number for each transcript were determined, and then normalized to RPKM (Reads Per Kilobase of 213


8 exon model per Million mapped reads). The Baggerly et al.’s Test (Baggerly et al., 2003) 214

implemented in CLC Genomic workbench was applied to the data. In addition, Benjamini &


Hochberg multiple-hypothesis testing corrections with False Discovery Rate (FDR) were used. In 216

our analysis, transcripts were considered to be up-regulated when FC≥2.5 and FDR<0.05, and 217

down-regulated when FC≤0.5 and FDR<0.05.

218 219

Real Time quantitative PCR (RT-qPCR) analyses 220

Total RNA for RT-qPCR was extracted from symbiotic and asymbiotic S. vomeracea protocorms 221

and from T. calospora FLM following the method of Chang et al. (1993). Genomic DNA was 222

removed using the Turbo DNA-free TM reagent (Ambion, Austin, TX, USA), according to the 223

manufacturer’s instructions. RNA was then quantified using spectrophotometry (NanoDrop 1000, 224

BioRad) and subjected to reverse-transcription PCR (RT-PCR) to exclude DNA contamination, 225

using the One Step RT-PCR kit (Qiagen), before cDNA synthesis. SuperScriptII Reverse 226

Transcriptase (Invitrogen) was used to synthesize cDNA starting from 500 ng of total RNA for each 227

sample, following the manufacturer’s instructions. At the end of the reaction, cDNA was diluted 1:5 228

for quantitative gene expression analysis (RT-qPCR). Primers for RT-qPCR (Table S1) were 229

designed using Primer3plus (http://www.bioinformatics.nl/cgi-bin/primer3plus/primer3plus.cgi/) 230

and tested for their specificity with Primer Blast (http://www.ncbi.nlm.nih.gov/tools/primer-blast/).


Reactions were carried out in a StepOnePlus™ RT-qPCR System (Applied Biosystems), following 232

the SYBR Green method (Power SYBR® Green PCR Master Mix, Applied Biosystems) as 233

described by Perrone et al. (2012). Thermal cycling conditions were as follows: initial denaturation 234

phase at 95 °C for 10 min, followed by 40 cycles at 95 °C for 15 s and 60 °C for 1 min. Expression 235

of target transcripts was quantified after normalisation to the geometric mean of the endogenous 236

control genes, Elongation Factors (TcEF-1α, SvEF-1α). Gene expression data were calculated as 237

expression ratios (relative quantity, RQ) to controls (FLM on oat medium). All reactions were 238

performed with three biological and three technical replicates.

239 240

Laser Microdissection (LMD) analysis 241

Symbiotic and asymbiotic S. vomeracea protocorms were collected in RNase-free tubes containing 242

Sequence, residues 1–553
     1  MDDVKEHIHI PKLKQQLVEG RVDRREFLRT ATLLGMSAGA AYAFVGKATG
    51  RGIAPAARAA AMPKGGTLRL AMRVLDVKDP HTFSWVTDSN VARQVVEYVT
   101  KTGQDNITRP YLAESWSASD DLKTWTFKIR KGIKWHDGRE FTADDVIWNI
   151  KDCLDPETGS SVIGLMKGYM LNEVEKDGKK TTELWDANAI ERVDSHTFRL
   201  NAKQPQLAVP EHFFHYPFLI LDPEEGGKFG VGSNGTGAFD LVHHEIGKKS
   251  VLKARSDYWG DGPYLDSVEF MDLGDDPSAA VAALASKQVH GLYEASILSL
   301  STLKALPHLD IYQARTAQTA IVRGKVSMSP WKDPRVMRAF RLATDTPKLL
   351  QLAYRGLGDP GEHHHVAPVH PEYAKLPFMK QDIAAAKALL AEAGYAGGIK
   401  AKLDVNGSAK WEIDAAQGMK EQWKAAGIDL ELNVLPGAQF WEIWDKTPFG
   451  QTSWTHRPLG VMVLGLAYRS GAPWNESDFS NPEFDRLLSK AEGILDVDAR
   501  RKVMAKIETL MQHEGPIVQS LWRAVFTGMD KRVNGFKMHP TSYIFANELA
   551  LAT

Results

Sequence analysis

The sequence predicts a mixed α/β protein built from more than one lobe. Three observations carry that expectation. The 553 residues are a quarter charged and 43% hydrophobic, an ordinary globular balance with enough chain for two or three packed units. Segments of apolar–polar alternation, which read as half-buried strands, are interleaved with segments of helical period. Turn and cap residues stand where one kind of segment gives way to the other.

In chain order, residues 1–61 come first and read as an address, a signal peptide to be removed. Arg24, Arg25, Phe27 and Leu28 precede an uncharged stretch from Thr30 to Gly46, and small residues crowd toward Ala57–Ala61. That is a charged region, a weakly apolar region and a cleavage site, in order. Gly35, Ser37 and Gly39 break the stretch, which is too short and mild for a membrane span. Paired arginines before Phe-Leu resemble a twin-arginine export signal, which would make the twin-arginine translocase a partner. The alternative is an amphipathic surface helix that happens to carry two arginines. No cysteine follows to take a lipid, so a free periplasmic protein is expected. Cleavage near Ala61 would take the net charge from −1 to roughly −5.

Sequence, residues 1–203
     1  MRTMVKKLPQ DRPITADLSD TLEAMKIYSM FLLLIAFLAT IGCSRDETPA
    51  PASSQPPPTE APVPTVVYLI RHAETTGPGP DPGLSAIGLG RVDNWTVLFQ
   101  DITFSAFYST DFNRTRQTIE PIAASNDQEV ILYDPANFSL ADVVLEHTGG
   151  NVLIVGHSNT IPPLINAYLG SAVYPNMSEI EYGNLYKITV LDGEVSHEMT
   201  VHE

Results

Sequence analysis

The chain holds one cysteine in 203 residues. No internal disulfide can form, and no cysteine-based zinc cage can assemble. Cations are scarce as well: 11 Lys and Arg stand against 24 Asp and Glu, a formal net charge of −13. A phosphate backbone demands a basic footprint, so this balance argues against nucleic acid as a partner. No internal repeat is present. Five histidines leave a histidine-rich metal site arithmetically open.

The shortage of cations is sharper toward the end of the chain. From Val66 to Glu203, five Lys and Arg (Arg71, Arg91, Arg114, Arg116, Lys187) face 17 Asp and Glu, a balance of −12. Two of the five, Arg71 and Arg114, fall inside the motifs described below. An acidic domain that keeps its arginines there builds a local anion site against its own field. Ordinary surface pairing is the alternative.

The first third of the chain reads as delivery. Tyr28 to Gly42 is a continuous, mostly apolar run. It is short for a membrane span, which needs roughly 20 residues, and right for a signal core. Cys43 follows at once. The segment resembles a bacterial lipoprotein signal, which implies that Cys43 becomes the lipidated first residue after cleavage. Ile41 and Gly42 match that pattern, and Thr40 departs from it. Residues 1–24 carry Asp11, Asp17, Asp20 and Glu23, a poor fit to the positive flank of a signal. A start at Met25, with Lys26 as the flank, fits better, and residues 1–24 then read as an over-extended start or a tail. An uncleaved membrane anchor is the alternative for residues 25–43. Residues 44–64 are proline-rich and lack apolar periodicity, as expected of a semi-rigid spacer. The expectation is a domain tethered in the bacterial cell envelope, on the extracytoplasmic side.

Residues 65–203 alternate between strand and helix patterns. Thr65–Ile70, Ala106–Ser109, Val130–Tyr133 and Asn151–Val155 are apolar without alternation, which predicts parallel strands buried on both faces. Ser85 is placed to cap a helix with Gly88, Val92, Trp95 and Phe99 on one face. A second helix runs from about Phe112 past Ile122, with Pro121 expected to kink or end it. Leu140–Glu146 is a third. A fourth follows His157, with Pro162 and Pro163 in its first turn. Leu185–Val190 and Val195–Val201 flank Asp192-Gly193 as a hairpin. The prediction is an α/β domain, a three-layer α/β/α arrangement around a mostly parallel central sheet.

freshly prepared Farmer’s fixative (absolute ethanol/glacial acetic acid 3:1). Samples were 243

dehydrated and embedded in paraffin as described in Perez-Tienda et al. (2011) with minor 244

modifications. Sections (12 μm) cut with a rotary microtome were transferred onto Leica RNase- 245


9 free PEN foil slides (Leica Microsystem, Inc., Bensheim, Germany), dried at 40 °C in a warming 246

plate, stored at 4 °C and used within 1 day. Specific cell types were collected from paraffin sections 247

of S. vomeracea symbiotic protocorms with a Leica LMD 6500 system (Leica Microsystem, Inc.), 248

as described by Balestrini et al. (2007). Approximately 1000-1500 cells for each type were 249

collected, with three independent biological replicates. RNA was extracted from LMD cells 250

following the Pico Pure kit (Arcturus Engineering) protocol, with some modifications. In particular, 251

DNase treatment was not performed on the kit column, but RNA was treated with Turbo DNA-free 252

(Ambion, Austin, TX, USA), according to the manufacturer’s instructions.


The One Step RT-PCR kit (Qiagen, Valencia, CA, USA) was used to amplify transcripts from three 254

biological replicates. Samples were incubated for 30 min at 50°C, followed by 15 min of incubation 255

at 95°C. Amplification reactions were run for 40 cycles at 94°C for 30 s, 60°C for 30 s, and 72°C 256

for 40 s using the same T. calospora and S. vomeracea specific primers used for RT-qPCR (Table 257

S1). DNA contamination in the RNA samples was evaluated with primers for the plant (SvEF1α) 258

and the fungal (TcEF1α) elongation factor by omitting the RT step at 50°C (Fig. S2). PCR products 259

were separated on a 1.4% agarose gel.

260 261

Microscopy 262

Symbiotic S. vomeracea protocorms were fixed in 2.5% (v/v) glutaraldehyde, post-fixed in 1%


(w/v) osmium tetroxide and embedded in LR White resin (Polysciences, Warrington, PA, USA) as 264

described in Perotto et al. (2014). Semi-thin sections (1 m) were stained with 1% (w/v) toluidine 265

blue for morphological observations. Thin sections (0.05-0.07 m) were post-stained with uranyl 266

acetate and lead citrate before being observed under a Philips CM10 transmission electron 267

microscope (Philips, Eindhoven, The Netherlands).

268 269

Statistical analysis 270

Significant differences among treatments (T. calospora biomass and RT-qPCR experiments) were 271

tested by a one-way analyses of variance (ANOVA) test, and Tukey’s HSD test was used for mean 272

separation when ANOVA results were significant (P<0.05). Significant differences of pairwise 273

comparisons were assessed by Student’s t-test. The SPSS statistical software package (version 23.0;


SPSS Inc., Cary, NC, USA) was used to run statistical analyses.

275 276 277 278


10 Results


Growth of Tulasnella calospora on different nitrogen sources 280

After 20 days of culture on modified Pachlewski P5 medium containing several defined organic and 281

inorganic N sources, the highest fungal biomass (as dry weight) was on glutamine and the lowest 282

one on nitrate (Fig. 1). Growth was intermediate on glutamate and ammonium tartrate and slightly 283

but significantly lower (P<0.05) on ammonium sulphate (Fig. 1).



Identification of T. calospora genes involved in the uptake of inorganic N forms 286

The complete genome sequence of T. calospora (Kohler et al., 2015) is available on the Mycocosm 287